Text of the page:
Lorry drivers have added their weight to the industrial mayhem gripping France by slowing down motorway traffic or by blocking key roads.
After days of rail disruption, unions are putting on the pressure before Wednesday’s Senate vote on President Nicolas Sarkozy’s unpopular pension reforms. He is refusing to back down over a two-year retirement age hike, but so too are the unions.
Didier Le Reste of the CGT union warned of more strike action.
“The start of the week will see a widening of the strike, with more sustained action in sectors such as road transport, energy, postal and telecommunications and public service and commerce,” he said.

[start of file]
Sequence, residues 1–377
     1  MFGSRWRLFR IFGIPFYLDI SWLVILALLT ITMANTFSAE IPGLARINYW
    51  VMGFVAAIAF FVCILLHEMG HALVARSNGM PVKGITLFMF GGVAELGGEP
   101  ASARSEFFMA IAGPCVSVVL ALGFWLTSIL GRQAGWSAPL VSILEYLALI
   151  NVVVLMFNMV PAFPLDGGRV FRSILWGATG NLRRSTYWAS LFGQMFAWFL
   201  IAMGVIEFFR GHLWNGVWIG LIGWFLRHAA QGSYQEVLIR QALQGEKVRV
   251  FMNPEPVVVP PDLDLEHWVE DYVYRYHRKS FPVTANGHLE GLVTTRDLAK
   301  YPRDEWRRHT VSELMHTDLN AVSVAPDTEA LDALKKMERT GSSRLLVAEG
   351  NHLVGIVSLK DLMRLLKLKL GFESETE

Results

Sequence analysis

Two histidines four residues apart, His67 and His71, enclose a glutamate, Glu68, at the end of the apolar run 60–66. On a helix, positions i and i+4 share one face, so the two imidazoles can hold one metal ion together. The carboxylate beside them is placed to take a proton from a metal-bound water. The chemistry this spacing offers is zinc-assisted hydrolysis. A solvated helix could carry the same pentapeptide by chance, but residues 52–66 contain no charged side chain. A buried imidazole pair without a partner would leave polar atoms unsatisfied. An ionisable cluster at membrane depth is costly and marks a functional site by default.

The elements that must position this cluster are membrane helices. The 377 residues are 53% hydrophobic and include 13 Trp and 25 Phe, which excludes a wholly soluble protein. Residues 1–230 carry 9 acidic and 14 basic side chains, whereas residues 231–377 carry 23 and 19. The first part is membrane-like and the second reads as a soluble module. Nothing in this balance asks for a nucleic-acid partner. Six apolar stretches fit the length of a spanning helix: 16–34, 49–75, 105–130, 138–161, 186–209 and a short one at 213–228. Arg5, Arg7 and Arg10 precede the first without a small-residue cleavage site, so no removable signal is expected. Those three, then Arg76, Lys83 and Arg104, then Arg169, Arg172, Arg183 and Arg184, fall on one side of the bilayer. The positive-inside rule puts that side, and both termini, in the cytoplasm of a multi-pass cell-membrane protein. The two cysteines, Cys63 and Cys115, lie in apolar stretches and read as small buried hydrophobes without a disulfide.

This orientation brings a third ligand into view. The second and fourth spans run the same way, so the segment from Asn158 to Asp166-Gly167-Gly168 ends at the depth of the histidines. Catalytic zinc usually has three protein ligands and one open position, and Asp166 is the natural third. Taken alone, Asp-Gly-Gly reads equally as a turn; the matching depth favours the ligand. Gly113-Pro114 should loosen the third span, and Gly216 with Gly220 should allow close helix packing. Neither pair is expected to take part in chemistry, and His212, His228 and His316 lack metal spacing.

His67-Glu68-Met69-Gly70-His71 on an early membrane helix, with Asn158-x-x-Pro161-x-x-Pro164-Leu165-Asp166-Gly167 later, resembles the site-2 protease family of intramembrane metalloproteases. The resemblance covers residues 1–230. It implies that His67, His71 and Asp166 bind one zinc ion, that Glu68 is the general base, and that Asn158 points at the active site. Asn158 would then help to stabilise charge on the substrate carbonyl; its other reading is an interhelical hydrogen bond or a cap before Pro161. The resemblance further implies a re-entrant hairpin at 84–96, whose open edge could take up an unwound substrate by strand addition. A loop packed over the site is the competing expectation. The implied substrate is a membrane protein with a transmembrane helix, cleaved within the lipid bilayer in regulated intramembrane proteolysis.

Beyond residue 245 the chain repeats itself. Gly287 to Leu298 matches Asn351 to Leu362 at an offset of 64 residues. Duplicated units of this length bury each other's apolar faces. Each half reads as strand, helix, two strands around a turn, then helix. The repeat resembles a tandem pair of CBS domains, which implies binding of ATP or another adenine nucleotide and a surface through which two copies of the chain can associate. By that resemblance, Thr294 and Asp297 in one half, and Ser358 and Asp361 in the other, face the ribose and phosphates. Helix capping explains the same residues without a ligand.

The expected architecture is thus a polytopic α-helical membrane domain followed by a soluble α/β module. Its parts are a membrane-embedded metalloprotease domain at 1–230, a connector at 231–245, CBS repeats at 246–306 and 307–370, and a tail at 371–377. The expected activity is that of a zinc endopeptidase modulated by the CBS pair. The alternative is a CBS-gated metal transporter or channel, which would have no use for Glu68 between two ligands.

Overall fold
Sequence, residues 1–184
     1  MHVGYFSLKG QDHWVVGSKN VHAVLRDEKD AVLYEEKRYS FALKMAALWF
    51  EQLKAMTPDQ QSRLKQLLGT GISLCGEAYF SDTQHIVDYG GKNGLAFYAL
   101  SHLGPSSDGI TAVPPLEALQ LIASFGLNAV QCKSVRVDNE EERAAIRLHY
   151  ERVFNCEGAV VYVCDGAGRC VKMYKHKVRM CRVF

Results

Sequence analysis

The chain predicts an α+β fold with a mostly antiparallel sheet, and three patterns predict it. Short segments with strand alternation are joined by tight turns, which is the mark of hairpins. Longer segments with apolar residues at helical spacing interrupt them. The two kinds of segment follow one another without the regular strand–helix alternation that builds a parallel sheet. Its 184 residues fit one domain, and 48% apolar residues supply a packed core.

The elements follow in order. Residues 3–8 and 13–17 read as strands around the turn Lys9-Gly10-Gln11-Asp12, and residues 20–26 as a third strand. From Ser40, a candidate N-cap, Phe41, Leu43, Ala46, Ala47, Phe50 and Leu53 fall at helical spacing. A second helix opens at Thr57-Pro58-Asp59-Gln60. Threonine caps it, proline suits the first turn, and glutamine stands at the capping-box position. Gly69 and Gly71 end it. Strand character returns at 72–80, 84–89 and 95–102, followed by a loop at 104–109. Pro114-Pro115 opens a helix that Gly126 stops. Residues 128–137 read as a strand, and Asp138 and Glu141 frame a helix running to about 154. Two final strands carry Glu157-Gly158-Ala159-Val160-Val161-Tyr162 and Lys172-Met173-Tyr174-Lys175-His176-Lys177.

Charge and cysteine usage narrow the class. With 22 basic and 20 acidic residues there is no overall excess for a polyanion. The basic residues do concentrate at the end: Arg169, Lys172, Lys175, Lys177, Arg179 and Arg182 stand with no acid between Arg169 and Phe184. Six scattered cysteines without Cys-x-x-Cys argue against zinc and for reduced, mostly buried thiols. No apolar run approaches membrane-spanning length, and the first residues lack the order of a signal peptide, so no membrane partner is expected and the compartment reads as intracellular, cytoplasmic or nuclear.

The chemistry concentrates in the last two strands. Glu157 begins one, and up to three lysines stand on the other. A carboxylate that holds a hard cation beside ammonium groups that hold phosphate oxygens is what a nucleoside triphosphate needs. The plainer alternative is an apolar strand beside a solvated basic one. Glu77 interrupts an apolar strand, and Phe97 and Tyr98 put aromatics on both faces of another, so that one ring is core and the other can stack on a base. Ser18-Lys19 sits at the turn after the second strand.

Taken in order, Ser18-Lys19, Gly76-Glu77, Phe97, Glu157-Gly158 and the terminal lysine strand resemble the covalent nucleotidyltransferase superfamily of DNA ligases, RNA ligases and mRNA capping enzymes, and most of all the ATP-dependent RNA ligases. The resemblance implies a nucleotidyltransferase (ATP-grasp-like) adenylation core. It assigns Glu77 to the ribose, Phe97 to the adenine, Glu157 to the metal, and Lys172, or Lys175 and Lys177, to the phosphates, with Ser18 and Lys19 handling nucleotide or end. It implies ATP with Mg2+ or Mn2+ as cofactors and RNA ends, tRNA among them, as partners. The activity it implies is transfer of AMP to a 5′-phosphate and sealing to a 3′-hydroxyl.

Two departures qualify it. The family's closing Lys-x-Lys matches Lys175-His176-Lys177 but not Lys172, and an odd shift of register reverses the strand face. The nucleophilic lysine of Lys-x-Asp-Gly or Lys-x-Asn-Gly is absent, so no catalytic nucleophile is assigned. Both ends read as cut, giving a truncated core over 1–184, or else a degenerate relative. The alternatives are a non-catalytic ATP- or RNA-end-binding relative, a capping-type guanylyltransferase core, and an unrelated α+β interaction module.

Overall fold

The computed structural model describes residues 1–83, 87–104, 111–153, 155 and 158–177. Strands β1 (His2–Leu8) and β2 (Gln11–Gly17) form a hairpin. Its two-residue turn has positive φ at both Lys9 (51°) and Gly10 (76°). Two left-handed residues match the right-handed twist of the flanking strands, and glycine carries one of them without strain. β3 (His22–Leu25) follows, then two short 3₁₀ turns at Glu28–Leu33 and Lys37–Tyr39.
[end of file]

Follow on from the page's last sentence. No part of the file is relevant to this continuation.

Fears that the two major airports in Paris could run out of fuel in the next 48 hours have been dispelled by the government despite blockades at France’s 12 refineries. However supply shortages could hit elsewhere by mid-week with depots in the south west already depleted by an unrelated stoppage.
French Prime Minister François Fillon said:
“The right to strike is not the right to prevent access to a fuel depot. That is an action that is illegal. Nor is it the right to prevent access to the workplace to those who want to work.”
Tuesday could be the government’s make-or-break day with more street protests planned. Unions say that three million people took part in Saturday’s nationwide marches although the government maintains turnout was lower than previous rallies.